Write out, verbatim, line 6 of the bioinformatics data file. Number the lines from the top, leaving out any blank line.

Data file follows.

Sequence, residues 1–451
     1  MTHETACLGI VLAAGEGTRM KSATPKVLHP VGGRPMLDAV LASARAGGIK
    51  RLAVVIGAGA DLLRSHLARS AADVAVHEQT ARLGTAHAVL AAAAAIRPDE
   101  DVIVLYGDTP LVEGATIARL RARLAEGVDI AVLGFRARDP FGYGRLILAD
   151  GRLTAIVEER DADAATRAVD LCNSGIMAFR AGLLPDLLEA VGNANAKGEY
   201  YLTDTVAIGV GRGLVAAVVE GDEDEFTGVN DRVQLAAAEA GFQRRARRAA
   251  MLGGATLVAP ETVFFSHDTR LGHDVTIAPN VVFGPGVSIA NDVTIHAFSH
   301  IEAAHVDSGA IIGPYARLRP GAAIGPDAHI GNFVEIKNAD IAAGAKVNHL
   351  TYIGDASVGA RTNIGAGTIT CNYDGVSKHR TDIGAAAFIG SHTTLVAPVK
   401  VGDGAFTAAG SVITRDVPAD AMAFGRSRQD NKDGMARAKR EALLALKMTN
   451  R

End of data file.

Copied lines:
   201  YLTDTVAIGV GRGLVAAVVE GDEDEFTGVN DRVQLAAAEA GFQRRARRAA